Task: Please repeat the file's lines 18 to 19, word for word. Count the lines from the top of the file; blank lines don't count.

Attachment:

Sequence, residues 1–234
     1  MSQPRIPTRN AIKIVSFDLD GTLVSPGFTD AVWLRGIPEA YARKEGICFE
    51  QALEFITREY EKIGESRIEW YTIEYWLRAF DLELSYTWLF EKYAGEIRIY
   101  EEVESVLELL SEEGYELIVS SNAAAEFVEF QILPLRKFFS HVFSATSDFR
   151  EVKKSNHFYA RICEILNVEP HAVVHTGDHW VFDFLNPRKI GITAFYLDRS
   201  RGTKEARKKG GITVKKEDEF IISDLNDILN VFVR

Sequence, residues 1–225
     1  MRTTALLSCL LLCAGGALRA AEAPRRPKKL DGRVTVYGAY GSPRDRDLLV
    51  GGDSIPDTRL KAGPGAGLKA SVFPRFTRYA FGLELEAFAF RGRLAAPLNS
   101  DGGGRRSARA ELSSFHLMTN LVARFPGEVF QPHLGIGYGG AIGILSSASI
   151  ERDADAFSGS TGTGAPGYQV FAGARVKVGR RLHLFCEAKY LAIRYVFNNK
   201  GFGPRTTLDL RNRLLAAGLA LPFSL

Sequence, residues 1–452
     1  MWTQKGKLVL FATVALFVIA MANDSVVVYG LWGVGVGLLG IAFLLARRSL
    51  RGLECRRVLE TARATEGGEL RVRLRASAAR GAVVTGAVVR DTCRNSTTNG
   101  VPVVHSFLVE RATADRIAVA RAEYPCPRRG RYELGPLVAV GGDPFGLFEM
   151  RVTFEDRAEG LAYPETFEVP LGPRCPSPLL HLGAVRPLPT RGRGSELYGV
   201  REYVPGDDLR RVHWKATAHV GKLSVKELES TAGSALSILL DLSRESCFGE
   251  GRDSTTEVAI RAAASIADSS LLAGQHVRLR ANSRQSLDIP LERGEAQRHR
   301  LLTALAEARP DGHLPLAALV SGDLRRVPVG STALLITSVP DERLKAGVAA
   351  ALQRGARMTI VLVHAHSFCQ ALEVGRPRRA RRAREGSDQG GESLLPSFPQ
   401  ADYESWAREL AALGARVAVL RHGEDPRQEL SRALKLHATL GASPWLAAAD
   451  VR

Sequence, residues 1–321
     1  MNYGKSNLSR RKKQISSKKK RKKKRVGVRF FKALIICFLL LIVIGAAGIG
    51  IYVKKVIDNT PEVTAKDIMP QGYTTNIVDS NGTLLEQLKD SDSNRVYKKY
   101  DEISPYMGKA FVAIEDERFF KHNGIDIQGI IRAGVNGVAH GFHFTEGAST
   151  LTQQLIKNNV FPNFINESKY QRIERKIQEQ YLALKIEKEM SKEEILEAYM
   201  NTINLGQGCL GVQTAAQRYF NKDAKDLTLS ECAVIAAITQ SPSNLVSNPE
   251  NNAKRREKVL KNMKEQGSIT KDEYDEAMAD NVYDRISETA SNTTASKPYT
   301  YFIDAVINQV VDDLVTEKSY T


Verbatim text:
   201  REYVPGDDLR RVHWKATAHV GKLSVKELES TAGSALSILL DLSRESCFGE
   251  GRDSTTEVAI RAAASIADSS LLAGQHVRLR ANSRQSLDIP LERGEAQRHR